Citrusy whites like Sauvignon Blanc, Verdejo, Muscadet, and Fiano pair best with Shrimp Scampi, along with Pinot Grigio, Sparkling Wine or Manzanilla Sherry, which offer their own strengths. The citrusy notes of the white wine help soften the pungent garlic flavours of the Shrimp Scampi, while the crisp acidity of these dry white wines washes away the buttery and olive oil flavours of the dish in between bites.
Sauvignon Blanc is a crisp white wine that has a grassy or green herbal edge to it that complements the green flavours of the garlic found in your Shrimp Scampi. With Sauvignon Blanc, you’ll also find steely notes of lemon, lime, grapefruit, lemon and mineral that provide refreshment against the garlicy oil in your Shrimp Scampi, but also accentuates the sweet and subtle mineral flavours of the shrimp. The shrimp is the star of this meal after all, so you’ll want to ensure you’ll taste its ocean-kissed flavours over buttery garlic richness.
Acidity is crucial as it washes the butter garlic flavours away from your cheeks in between bites. Without acidity, the meal would taste fabulous for the first several mouthfuls, but it all starts to become homogenous and bland as your taste buds are swamped with fat and carbohydrates. With Sauvignon Blanc, every sip is going to wash those fats and carbs away, making every bite of Shrimp Scampi taste delicious.
Chardonnay & Shrimp Scampi with Angel Hair Pasta
An Oaked Chardonnay will be divine with Shrimp Scampi served with Angel Hair Pasta. The buttery flavours of the Chardonnay will complement the buttery notes of the Scampi, along with the Pasta. Meanwhile, you’ll get notes of toast, apple, pear, coconut, smoke and yeast, making this pairing even more delicious!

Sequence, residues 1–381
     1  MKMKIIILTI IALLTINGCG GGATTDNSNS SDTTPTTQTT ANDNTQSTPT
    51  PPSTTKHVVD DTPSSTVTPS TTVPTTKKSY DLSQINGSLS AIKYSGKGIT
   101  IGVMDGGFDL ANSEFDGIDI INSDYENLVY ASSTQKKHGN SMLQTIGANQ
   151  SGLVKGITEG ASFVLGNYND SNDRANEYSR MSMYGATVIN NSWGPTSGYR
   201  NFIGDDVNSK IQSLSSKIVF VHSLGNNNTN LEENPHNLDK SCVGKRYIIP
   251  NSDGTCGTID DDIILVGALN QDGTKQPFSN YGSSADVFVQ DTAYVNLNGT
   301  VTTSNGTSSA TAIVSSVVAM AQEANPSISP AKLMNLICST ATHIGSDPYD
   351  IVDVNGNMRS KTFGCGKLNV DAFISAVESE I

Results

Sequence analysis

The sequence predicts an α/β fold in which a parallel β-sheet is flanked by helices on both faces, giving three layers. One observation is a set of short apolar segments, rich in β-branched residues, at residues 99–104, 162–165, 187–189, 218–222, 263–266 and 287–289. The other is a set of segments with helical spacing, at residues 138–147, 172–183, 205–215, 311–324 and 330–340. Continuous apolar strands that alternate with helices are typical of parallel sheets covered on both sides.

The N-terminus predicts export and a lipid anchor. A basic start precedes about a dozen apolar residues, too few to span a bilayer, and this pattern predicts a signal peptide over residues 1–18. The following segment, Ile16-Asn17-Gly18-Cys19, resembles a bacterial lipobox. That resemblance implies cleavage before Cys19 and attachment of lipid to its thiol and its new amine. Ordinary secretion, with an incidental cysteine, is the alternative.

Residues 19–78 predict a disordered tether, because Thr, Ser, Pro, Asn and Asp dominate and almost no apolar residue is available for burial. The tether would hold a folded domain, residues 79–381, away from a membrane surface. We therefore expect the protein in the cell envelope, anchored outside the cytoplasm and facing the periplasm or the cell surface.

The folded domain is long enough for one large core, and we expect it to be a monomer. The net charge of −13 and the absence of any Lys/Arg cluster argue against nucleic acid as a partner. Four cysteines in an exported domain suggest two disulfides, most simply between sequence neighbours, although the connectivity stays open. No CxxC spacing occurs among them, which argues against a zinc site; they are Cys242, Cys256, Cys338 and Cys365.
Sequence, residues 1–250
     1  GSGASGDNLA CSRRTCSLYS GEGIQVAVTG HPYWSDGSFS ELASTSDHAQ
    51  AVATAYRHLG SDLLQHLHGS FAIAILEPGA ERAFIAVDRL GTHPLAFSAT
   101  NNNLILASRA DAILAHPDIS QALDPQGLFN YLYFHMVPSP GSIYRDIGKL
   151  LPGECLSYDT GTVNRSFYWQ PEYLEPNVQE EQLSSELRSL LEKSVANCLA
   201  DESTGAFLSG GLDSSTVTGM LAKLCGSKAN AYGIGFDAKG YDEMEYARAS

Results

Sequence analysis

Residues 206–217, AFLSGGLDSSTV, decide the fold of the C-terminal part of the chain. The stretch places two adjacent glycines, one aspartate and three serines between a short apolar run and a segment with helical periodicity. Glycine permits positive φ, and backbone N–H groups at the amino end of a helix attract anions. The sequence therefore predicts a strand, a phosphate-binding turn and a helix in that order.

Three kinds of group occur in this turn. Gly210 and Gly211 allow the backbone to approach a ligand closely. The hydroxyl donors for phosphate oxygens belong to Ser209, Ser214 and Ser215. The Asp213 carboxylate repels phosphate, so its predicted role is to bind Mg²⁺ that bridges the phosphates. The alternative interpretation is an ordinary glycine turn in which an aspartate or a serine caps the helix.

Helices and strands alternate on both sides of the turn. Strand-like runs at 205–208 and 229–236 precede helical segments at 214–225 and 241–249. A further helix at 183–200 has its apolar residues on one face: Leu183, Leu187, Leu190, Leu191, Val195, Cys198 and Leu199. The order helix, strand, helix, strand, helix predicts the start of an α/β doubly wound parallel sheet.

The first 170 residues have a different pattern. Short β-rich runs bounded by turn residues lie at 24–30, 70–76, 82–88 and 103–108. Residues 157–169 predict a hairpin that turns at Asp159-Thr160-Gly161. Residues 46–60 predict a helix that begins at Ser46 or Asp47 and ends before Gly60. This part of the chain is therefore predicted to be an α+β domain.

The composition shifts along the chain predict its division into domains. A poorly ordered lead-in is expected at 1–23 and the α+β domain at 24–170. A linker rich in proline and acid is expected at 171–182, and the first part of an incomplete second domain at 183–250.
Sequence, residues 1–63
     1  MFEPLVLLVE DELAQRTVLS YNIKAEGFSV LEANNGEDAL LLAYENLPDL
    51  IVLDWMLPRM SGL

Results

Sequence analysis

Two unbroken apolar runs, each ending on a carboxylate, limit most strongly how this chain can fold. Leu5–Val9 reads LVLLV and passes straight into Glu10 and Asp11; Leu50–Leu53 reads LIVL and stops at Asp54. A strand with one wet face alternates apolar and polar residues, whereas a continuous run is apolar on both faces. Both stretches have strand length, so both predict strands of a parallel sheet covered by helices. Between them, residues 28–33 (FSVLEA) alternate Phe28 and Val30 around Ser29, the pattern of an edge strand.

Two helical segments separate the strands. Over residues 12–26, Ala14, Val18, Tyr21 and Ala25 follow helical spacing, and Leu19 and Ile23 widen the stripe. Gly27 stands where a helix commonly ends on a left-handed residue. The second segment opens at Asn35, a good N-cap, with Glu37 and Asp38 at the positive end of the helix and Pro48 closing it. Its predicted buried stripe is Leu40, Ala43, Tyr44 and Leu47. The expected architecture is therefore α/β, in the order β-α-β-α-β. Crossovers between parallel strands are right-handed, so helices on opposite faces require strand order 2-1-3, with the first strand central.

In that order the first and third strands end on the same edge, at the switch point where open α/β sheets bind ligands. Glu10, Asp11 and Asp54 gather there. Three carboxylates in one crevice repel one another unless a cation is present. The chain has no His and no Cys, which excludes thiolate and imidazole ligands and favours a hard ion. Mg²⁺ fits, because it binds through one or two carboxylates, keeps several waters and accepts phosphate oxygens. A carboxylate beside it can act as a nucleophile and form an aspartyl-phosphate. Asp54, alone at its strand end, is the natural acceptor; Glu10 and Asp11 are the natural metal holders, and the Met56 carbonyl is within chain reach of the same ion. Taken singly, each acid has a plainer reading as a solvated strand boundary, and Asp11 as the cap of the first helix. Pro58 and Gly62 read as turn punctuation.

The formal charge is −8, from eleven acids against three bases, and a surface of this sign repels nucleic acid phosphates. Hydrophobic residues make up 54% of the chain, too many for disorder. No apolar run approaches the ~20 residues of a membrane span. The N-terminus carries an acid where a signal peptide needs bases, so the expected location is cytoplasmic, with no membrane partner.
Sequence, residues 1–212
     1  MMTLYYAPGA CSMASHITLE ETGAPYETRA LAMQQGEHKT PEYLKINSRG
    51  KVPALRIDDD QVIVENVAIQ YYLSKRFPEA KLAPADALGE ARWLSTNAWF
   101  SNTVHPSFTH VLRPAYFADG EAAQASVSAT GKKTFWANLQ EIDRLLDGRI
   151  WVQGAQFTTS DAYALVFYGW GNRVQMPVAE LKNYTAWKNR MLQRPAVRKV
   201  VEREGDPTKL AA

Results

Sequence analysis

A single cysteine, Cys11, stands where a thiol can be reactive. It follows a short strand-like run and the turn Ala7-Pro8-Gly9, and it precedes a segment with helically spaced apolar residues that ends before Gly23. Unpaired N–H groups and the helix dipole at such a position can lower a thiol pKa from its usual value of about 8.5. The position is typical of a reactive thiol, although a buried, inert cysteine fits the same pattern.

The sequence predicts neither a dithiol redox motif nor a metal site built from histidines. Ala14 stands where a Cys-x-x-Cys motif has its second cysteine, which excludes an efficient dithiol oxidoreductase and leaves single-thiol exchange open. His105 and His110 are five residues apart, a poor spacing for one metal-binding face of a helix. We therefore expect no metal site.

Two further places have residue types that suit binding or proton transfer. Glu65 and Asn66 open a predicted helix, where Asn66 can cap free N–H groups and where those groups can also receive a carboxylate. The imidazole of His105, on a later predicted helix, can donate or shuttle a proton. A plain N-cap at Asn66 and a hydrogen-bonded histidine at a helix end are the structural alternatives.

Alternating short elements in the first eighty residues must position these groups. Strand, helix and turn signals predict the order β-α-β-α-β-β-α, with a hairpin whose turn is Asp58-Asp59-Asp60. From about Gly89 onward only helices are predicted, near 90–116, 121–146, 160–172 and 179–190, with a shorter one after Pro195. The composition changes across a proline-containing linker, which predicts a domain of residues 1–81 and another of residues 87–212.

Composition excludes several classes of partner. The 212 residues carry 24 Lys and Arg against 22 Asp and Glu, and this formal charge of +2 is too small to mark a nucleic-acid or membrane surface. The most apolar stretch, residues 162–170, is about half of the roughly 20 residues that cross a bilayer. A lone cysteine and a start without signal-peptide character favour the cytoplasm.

Add some buttered crusty bread to soak up the Scampi sauce at the end, and you’ll be in flavour heaven!
Verdejo & Shrimp Scampi Pairing
Verdejo is a Spanish white wine from the Rueda region of Spain. Expect vibrant flavours of lemon, apricot, nectarine grapefruit, along with bitter notes of fennel, anise, grass and if aged, almonds.
The bright citrus flavours of Verdejo offset the dense garlic flavours of Shrimp Scampi, which make this pairing so great. With citrus comes acidity, and the acidity helps keep your mouth refreshed while accentuating the delicate and sweet shrimp or prawn flavours. The fennel and grassy herb notes found in Verdejo also complement the green and pungent garlic flavours of Shrimp Scampi.
Clean, juicy, a touch grassy and inexpensive, Verdejo is a wine to experiment with if you love Sauvignon Blanc but want something a little different.
Prosecco & Shrimp Scampi Pairing
Prosecco is a sparkling white Italian wine with light flavours of citrus, apple, pear, almonds and custard, along with a sharp acidity that quickly to removes any garlic or buttery oils from your taste buds. This is desirable since garlic and butter can clog your taste senses, making a great shrimp scampi dish dull and drab after a few bites. While light in flavour, Prosecco is also bubbly, and the bubbles help carry away the garlicy fats and oils found in your Shrimp Scampi, ensuring the subtle flavours of Prosecco still shine through on the finish.